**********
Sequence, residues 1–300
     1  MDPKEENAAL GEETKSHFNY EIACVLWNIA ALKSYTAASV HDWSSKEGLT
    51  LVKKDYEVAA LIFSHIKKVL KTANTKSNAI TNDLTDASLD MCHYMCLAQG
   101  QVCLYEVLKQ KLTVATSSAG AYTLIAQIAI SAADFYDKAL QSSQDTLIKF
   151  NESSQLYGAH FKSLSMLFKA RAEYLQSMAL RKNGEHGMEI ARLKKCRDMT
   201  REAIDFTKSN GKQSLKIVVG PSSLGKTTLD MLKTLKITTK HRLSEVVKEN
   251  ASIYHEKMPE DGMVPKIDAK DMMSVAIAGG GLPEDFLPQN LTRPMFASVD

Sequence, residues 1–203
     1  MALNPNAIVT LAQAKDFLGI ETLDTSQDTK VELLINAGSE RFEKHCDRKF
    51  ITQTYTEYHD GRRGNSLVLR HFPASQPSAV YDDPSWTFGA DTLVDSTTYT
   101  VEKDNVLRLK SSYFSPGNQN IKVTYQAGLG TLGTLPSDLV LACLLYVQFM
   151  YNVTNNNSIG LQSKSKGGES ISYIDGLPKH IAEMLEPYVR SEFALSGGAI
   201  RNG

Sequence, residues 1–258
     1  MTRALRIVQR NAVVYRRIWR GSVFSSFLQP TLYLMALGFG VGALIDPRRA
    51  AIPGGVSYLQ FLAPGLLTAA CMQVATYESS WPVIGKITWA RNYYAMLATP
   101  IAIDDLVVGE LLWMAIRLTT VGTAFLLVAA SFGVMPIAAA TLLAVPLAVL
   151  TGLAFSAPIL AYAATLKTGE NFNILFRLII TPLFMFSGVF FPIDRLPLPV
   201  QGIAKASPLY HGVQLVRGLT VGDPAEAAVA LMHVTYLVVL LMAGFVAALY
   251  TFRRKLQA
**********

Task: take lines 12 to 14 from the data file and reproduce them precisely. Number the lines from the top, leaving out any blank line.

   151  YNVTNNNSIG LQSKSKGGES ISYIDGLPKH IAEMLEPYVR SEFALSGGAI
   201  RNG

Sequence, residues 1–258